11
Aug
09

Dog Days of Summer

 

    When I was a child I often heard my parents speak of the “dog days of summer”. I am not sure where I got my definition of what the dog days actually were in those days of my youth, but I was led to believe that late summer was a time to avoid stray dogs because they were more likely to bite. Hmmmmmm. I own a t-shirt, a promotional piece from the Max & Erma’s restaurant chain, that pays homage to the dog days, but shows a happy dog who is more likely to hug you than bite you.

    Today I checked out the Merriam-Webster on line dictionary and found this:

1 : the period between early July and early September when the hot sultry weather of summer usually occurs in the northern hemisphere
2 : a period of stagnation or inactivity

Nothing about biting dogs. According to an article on the website TechRepublic, the Dog Days are named for the Dog Star, Sirius, which is the brightest star (discounting our own sun) visible in the sky. During mid-summer, Sirius is in conjunction with the sun (the two rise and set together), an astronomical coincidence that the ancient Romans and several other cultures couldn’t help but notice. When the two brightest stars sync up and the world simultaneously gets hotter, you tend to blame the Dog Star for the heat. Sirius is in the constellation Canis Major (which the Romans named), so the Romans called this period the carniculares dies –or days of the dogs. Thus, the 20 days before and after the conjunction of the Dog Star and the sun are called Dog Days.

    Chris and I have been anything but inactive during these recent days. We were in Charleston, WV recently to drop off some art work for the upcoming WV Juried Exhibition. While we were there we visited the newly renovated WV State Museum, and found it to be a wonderful space that really gets you engaged in the history of West Virginia. In addition to the historical aspect of the museum, there is also an art exhibition: Emerging Artists of West Virginia. It was great to see a piece in the show by our friend, Cheryl Harshman (and you can see the influence of her mentor, Mitch Lyons).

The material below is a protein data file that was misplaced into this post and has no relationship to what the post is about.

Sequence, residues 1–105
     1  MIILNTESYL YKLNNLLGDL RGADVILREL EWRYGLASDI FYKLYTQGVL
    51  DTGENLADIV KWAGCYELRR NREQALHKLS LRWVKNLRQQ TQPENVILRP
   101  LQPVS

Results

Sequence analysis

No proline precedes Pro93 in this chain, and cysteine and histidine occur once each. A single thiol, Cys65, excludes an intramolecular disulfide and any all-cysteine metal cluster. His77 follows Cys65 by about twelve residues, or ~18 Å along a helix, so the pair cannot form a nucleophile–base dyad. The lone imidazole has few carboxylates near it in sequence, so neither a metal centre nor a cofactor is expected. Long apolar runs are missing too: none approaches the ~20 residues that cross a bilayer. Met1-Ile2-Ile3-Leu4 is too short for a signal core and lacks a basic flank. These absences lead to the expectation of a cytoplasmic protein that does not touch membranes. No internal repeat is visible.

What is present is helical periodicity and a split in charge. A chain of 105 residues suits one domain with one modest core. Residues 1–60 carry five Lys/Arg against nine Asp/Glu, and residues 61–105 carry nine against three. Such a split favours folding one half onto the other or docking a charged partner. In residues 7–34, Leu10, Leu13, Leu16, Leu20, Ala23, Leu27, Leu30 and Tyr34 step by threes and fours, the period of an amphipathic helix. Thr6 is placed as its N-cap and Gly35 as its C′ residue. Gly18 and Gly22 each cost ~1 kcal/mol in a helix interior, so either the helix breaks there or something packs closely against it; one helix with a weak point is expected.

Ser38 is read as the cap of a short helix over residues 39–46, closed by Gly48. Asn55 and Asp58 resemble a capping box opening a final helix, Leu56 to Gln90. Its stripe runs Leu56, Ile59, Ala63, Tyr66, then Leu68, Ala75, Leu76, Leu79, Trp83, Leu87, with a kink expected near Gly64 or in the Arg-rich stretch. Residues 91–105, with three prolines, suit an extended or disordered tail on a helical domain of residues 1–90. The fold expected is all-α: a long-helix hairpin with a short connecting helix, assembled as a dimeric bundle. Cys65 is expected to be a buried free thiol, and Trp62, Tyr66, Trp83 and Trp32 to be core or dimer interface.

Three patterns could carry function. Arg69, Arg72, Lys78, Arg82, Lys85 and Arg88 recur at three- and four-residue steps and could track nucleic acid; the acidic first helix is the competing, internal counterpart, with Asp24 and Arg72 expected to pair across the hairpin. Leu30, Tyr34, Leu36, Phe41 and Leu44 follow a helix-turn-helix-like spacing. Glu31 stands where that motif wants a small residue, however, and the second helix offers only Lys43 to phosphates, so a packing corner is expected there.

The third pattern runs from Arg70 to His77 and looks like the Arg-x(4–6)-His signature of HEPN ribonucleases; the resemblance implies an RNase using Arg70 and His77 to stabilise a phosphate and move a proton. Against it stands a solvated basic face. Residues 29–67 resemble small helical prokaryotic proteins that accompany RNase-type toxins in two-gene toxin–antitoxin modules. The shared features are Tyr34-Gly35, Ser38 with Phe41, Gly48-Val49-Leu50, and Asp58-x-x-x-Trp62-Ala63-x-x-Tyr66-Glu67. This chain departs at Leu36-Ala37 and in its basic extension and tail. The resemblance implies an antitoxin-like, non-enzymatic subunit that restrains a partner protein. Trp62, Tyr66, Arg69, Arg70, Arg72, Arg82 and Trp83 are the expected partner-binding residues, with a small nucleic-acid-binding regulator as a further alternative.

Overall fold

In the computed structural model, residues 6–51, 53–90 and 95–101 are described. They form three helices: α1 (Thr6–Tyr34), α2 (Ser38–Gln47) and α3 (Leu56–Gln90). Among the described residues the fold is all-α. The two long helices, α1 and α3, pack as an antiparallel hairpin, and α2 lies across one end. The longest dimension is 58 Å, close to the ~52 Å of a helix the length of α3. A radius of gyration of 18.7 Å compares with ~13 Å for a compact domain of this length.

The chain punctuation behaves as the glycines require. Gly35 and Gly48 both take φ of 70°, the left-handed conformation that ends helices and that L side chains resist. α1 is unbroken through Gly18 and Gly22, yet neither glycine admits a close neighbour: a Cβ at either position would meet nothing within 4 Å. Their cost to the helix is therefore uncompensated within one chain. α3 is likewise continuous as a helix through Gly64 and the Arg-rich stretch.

Me at the Emerging Artists of WV exhibition.

Me at the Emerging Artists of WV exhibition.

 

Clay print by Cheryl Harshman.

Clay print by Cheryl Harshman.

 

 

    The next week we headed up to Geneva on the Lake, Ohio to hook up with Chris’ parents and relax for a few days. I took along my camera, some art magazines, my watercolors, and a book, The Face on Your Plate, along with our bicycles. I did get my book finished and did some cycling on the new trail along Lake Erie, but unfortunately the watercolors did not make it out of the box.

    We discovered some new art in town! A mural painted on the side of THe Cove Nightclub showing images of many of the famous musicians who have played there over the years. Now I must confess that I found the execution of the mural to be a bit weak, and yet I was intrigued by its primitive, folk art-like quality. The mural appears unfinished, yet it is signed as to indicate its completion. 

 

Mural on the side of The Cove Nightclub.

Mural on the side of The Cove Nightclub.

 

Mural detail: The Coasters.

Mural detail: The Coasters.

 

Mural detail: James Brown.

Mural detail: James Brown.

Mural detail: The Temptations.

Mural detail: The Temptations.

    A few years ago I did an acrylic painting of one of the local business, Lake Package Store, and a few watercolor studies of the now defunct amusement park. I have thought about painting Eddie’s Grill for a long time, but I find it hard to put away the metal and found objects to make time for painting. Eddie’s has been around for about 60 years and still looks great, especially at night. Hmmmm….. perhaps a cut-tin version of Eddie’s? 

 

Eddie's Grill, Geneva on the Lake, Ohio.

Eddie's Grill, Geneva on the Lake, Ohio.

    On the way home from Geneva we stopped at Rogers Flea Market and then on to the Heritage Blues Fest. More on that later, it’s time to make some art (and work on a syllabus or two)!

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